After Konami’s disastrous PES relaunch turned eFootball into the biggest meme in soccer gaming, the pressure was always going to be on EA Sports to avoid the same pitfalls when FIFA would finally give way for EA Sports FC. And in our FC 24 review it’s clear that the developer of the longest-running series in the genre has not only successfully navigated its split with FIFA without much fanfare, but it’s managed to kick off the EA FC era with some marked improvements from previous games that fans will certainly be delighted by.
I think we all remember the first time we saw the iconic EA Sports logo flash across the screen. For me, it was while I sat in my childhood home, watching my dad skinning defenders as Dennis Bergkamp in FIFA 98. Little did my old man know, the PlayStation 1 he’d just picked up wouldn’t be his for long, and Blur’s ‘Song 2’ would become the soundtrack of my early youth – it’s one of the greatest songs of all time, don’t you know?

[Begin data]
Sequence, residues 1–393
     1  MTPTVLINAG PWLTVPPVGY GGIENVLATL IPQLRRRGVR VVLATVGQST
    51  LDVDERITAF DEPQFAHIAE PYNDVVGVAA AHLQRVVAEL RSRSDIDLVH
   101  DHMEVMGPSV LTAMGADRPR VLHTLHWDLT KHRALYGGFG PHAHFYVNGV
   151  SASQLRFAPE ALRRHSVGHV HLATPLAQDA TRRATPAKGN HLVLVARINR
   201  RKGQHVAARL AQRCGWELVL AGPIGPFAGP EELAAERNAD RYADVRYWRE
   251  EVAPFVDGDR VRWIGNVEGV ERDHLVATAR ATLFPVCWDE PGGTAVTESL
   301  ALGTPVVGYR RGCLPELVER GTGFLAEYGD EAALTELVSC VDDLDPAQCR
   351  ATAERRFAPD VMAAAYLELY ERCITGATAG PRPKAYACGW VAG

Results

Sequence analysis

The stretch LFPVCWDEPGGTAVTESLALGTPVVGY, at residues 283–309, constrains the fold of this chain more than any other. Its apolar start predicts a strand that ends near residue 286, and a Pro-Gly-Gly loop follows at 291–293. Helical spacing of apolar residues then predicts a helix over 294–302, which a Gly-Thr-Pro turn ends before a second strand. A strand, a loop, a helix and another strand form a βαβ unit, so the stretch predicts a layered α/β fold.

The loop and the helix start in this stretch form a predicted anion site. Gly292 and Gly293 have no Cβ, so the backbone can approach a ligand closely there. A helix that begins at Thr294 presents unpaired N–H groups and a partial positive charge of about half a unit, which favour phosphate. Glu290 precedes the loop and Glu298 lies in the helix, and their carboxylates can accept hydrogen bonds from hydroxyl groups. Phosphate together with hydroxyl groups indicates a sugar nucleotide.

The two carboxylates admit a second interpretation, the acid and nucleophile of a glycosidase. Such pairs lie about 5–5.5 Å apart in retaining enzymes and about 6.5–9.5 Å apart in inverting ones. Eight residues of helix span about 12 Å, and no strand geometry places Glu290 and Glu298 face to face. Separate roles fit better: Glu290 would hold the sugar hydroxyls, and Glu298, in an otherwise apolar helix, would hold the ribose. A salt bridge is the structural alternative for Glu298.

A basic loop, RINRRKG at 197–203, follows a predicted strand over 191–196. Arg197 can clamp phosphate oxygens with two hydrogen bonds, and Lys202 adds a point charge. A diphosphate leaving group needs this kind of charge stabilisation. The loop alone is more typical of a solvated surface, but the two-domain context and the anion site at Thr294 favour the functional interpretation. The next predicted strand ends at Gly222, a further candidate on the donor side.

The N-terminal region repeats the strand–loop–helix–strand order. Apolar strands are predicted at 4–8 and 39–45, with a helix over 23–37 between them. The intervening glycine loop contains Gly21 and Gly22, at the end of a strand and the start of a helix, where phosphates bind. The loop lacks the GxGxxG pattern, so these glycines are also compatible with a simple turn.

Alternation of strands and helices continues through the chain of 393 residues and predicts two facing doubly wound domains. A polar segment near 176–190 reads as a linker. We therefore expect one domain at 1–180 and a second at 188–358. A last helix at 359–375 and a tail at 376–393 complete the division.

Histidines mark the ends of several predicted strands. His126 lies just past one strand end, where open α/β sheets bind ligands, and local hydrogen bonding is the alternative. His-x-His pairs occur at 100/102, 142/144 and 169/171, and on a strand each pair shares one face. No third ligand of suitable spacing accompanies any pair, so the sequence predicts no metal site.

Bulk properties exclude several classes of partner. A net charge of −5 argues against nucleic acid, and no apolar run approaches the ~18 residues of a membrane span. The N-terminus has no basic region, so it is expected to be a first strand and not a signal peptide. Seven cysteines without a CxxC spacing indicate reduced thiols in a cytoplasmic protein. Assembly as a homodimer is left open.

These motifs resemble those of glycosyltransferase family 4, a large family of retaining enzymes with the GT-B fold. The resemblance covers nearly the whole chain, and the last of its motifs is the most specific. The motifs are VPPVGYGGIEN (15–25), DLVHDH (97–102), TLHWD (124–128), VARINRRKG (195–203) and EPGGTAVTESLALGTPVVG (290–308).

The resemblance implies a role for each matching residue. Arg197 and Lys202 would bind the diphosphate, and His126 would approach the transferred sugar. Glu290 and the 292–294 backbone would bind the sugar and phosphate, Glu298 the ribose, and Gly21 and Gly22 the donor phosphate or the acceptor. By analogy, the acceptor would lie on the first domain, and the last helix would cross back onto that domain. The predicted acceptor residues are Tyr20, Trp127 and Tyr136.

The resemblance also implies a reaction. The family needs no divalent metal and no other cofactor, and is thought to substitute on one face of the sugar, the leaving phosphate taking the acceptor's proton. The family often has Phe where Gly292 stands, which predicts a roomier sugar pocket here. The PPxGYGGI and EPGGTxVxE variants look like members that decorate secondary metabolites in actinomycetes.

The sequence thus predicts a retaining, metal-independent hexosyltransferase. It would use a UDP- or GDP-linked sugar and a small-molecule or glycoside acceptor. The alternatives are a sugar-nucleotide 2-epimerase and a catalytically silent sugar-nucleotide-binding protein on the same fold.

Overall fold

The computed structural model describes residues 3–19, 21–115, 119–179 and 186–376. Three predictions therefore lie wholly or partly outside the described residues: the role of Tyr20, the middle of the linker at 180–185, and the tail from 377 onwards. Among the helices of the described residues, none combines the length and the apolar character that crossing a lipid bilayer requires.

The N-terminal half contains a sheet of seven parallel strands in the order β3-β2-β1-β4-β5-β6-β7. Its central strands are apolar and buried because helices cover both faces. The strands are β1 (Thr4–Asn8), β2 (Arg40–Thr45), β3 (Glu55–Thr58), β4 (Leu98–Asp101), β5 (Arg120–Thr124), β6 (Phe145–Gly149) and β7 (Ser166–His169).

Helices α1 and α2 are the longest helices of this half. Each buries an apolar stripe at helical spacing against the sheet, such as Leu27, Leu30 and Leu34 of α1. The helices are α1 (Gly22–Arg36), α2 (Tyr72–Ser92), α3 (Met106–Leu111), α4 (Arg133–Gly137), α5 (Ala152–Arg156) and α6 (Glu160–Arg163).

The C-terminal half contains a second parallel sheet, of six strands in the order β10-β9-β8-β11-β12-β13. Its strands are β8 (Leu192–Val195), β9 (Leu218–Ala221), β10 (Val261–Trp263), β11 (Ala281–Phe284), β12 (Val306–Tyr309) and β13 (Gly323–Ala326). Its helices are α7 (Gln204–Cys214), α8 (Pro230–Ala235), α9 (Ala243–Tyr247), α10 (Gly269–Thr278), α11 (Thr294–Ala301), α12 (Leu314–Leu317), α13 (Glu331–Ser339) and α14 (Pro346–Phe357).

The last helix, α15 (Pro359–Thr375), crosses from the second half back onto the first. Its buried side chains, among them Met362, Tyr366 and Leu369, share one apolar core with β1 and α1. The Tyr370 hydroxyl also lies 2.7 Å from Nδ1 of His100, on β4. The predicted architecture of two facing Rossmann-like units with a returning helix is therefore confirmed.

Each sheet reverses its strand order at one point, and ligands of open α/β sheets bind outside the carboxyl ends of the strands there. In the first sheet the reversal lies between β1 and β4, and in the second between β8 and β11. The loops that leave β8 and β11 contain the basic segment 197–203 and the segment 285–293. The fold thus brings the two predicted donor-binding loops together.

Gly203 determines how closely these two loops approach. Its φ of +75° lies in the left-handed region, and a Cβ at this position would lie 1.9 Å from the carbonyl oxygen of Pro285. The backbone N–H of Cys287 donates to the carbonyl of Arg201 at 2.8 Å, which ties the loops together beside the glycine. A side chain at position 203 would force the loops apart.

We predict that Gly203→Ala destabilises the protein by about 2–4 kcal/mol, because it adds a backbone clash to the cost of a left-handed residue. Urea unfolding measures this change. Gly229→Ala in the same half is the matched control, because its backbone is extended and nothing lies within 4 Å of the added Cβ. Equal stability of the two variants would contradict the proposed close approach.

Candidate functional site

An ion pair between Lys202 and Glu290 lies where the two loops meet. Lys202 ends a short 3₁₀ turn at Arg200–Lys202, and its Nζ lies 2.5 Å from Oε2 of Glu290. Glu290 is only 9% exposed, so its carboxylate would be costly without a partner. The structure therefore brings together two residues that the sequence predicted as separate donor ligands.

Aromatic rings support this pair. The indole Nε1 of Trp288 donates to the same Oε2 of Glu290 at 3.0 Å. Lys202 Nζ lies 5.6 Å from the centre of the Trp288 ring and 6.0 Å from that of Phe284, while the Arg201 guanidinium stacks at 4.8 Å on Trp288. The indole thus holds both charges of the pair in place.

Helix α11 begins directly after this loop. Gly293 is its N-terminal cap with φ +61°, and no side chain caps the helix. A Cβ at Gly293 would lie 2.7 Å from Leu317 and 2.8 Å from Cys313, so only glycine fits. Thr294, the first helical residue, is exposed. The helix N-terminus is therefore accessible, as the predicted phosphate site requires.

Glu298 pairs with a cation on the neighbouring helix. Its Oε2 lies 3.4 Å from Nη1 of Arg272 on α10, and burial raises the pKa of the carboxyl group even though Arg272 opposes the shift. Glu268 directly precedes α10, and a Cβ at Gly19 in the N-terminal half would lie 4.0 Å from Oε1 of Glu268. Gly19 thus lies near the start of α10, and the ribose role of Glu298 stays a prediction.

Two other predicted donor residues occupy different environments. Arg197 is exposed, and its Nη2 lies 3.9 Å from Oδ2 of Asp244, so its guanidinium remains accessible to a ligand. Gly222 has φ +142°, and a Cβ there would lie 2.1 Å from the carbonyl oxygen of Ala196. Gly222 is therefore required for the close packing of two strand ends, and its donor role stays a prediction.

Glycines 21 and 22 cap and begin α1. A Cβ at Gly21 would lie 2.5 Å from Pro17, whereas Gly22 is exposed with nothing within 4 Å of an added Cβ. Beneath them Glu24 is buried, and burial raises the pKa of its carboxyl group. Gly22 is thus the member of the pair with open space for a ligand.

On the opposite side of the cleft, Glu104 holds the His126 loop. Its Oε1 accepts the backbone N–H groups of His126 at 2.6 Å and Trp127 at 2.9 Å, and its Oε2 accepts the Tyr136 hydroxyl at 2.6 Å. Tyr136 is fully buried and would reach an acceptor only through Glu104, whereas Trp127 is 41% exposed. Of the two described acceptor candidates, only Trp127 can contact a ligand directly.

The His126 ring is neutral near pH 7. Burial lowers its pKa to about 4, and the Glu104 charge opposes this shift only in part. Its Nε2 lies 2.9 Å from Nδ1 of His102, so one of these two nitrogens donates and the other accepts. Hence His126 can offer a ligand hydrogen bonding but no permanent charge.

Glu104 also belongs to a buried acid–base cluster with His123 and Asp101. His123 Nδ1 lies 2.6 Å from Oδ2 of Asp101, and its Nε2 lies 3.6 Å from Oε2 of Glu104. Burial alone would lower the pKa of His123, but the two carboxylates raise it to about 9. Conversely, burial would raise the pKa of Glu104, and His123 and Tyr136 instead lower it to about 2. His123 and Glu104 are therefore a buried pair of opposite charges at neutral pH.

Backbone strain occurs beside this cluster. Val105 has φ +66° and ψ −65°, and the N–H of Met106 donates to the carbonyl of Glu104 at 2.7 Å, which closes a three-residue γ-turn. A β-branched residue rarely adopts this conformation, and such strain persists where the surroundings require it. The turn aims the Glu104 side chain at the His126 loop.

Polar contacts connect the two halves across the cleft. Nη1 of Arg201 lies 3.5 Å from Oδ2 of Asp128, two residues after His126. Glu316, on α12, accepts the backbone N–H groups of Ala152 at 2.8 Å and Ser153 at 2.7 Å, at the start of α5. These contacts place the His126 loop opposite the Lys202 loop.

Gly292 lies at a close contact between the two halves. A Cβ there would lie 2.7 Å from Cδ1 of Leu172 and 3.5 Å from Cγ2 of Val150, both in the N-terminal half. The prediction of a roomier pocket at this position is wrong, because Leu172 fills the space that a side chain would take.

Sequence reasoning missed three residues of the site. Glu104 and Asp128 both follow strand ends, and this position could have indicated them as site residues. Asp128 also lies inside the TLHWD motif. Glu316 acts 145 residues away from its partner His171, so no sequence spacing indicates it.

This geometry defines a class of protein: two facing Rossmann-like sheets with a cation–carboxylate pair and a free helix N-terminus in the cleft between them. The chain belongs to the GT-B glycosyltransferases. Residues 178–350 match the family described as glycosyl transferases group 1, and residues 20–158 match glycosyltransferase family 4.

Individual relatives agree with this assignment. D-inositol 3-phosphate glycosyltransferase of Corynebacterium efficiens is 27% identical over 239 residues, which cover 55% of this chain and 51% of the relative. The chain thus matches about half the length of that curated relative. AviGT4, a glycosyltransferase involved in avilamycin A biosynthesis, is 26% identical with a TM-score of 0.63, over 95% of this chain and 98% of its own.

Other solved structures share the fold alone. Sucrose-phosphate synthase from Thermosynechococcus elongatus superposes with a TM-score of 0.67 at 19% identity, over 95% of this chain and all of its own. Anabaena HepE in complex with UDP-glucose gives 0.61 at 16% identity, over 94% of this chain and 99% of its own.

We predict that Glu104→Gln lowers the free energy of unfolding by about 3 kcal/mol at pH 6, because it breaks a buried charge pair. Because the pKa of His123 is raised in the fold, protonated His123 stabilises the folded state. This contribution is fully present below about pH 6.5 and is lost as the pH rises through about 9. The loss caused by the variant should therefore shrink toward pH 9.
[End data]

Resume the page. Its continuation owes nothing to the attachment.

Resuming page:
Now, 25 years later, FIFA is dead… sort of. Last year, the unprecedented divorce between developer EA Sports and soccer’s largest governing body was announced, following the failure to agree on new licensing terms. Judging from FIFA president Gianni Infantino’s statement at the time that “the only authentic, real game that has the FIFA name will be the best one available for gamers and football fans”, the two bodies enjoyed a working relationship that seemingly operated with all the synergy of Diet Coke and Mentos.
Now that the explosive stream of branding froth has been cleared away, ‘EA Sports FC’ remains – a syrupy sweet succor that exists to bring comfort to long-time fans, as well as a reminder that, despite the change of name, the spirit of FIFA is still very much in the game. But has EA Sports switched up the recipe enough to add its own twist? Or has it simply slapped its own-brand label on a product series that has shipped over 350 million copies since its 1993 Sega Mega Drive launch and called it a day?